Liberia: LWSC’s Manager Walks Free as LACC Discontinues US$80K Case

In a dramatic twist of events, the Liberia Anti-Corruption Commission (LACC) has decided to discontinue the case against George Nyenkan, the Materials Manager at the Liberia Water and Sewer Corporation (LWSC), along with five others, including high-ranking officials, on allegations of corrupt practices related to the mismanagement of funds and resources.

The LACC entered nolle prosequi in the case, leading to the discharge of Nyenkan by the court. The allegations against Nyenkan and the other defendants, who were dragged to Criminal Court 'C' on allegations of corrupt practices two years ago, involved the misapplication of US$80,570, including the unauthorized sale of fuel donated by the World Bank for COVID-19 support.

Other defendants were Duanna Kamara, the former Managing Director, Moisery Momkh, the Deputy Managing Director for Administration, Shad Massaquoi, manager/coordinator of Grand Bassa County, Mohammed Konneh, owner of Sesay's Brothers Business Center and Ayouba Kamara, an employee of the business center. 

They were also accused of engaging in several transactions and the sale of fuel oil donated by the World Bank — transactions that violated established government regulations.

Nyenkan was accused of approving the receipt and distribution of the fuel without proper documentation and accountability. 

When the matter was first scheduled for proceedings, lawyers representing the LACC' told assigned Judge Blamo Dixon that the state was discontinuing the matter against George Nyenkan through a request for nolle prosequi.

“The matter was scheduled for continuation of trial. However, the court was informed that the state has discontinued the matter against defendant George Nyenkan through a nolle prosequi,” Dixon said. 

Judge Dixon said in light of the nolle prosequi entered by the LACC, he had discontinued proceedings against Nyenken and discharged him.

It remains unclear why the LACC decided to discontinue the case against Nyenkan, prompting speculation among legal experts about the potential motives behind this development. Suggestions of a possible compromise or cooperation between Nyenkan and the LACC have been raised, although the exact reasons for the nolle prosequi remain undisclosed.

In 2021, the LACC investigated alleged malpractices at the LWSC and indicted all the defendants for fraud on the internal revenue of Liberia (economic sabotage), illegal disbursement and expenditure of public money, and misuse of public money, property or Records, theft of property, misapplication of entrusted property and criminal conspiracy.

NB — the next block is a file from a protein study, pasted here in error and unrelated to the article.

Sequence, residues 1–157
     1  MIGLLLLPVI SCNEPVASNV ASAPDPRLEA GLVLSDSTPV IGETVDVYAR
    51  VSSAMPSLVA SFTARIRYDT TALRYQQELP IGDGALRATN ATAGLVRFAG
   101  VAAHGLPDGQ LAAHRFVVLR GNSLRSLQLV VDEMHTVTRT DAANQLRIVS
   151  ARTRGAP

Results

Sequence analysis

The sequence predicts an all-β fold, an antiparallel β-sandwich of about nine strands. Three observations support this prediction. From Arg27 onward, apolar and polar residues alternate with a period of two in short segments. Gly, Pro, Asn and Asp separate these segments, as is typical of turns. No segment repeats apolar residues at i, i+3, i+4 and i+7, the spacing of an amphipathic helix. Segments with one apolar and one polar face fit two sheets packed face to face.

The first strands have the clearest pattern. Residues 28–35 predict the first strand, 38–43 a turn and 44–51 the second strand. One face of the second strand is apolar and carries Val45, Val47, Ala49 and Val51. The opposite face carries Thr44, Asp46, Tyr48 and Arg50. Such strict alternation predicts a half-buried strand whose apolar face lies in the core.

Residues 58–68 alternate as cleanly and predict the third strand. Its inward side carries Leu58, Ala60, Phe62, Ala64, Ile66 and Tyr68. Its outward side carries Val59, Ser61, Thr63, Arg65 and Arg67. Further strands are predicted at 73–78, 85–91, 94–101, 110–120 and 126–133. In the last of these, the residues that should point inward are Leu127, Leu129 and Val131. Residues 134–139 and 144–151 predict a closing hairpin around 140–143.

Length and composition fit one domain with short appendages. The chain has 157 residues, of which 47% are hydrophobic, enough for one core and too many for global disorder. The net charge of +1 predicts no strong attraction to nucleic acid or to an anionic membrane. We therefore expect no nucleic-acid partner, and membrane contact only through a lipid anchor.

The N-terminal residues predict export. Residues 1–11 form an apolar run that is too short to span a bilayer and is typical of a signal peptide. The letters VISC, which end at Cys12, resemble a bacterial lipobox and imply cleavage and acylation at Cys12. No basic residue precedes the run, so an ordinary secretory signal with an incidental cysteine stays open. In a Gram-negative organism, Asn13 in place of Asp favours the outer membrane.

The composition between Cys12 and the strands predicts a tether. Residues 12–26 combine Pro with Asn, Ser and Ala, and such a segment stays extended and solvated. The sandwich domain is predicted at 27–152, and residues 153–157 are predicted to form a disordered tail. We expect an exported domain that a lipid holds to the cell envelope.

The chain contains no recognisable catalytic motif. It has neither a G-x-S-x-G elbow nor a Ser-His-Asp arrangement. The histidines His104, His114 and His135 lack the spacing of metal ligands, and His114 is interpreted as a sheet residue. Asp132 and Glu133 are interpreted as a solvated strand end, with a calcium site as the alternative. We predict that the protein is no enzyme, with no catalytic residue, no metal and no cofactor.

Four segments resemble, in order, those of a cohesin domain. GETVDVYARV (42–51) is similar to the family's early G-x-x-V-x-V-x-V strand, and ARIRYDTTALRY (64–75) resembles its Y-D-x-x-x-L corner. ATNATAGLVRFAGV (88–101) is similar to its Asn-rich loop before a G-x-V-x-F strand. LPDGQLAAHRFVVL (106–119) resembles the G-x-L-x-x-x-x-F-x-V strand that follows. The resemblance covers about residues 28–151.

George Nyenkan’s Role 

The indictment alleges that Nyenkan, on May 21, 2020, approved and received  8,000 gallons of fuel donated by the World Bank in support of the COVID-19 pandemic.

The 8000 gallons, the indictment alleges were received in two segments, the first was 5, 000  and the second one was 3000.

The fuel was received and signed for by Nyenkan, and he also placed them in the Corporation’s storage that he supervised. According to the indictment, on June 3, 2020, defendant Nyenkan took another 11,000 gallons of fuel amounting to US$19,000  to an unknown destination, and he could account for them during the investigation.

Defendant Nyenkan, the LACC, claims that he admitted to the illegal transaction but said they sold the fuel to a vendor whose name he could not remember. And, he received the money from the transaction.

The indictment alleges that in Nyenkan’s capacity as head of material administration; he received an additional 19,000 gallons and sold them for US$49,000, by colluding with his co-defendants and they distributed the proceeds from their illegal transactions.

A thorough check of the court records did not show they do not show what prompted the nolle prosequi in favor of Nyenkan. But legal experts are raising suspicions that a similar pattern could be implored by the remaining defendants. 

Others believe LACC’s prosecutors and Nyenkan may have reached a compromise either for him to pay back his share of the money misapplied or to serve as the state witness to testify against his indicted colleagues. 

This decision by the LACC to drop the case against Nyenkan has generated discussions about the implications for anti-corruption efforts in Liberia and the commitment to combating corruption in both the public and private sectors.As investigations and legal proceedings continue, stakeholders are closely monitoring the situation to uphold integrity and accountability in governance, especially as fear that the new LACC could undermine President Joseph Boakai's quest to fight corruption in private and public sectors if care is not taken.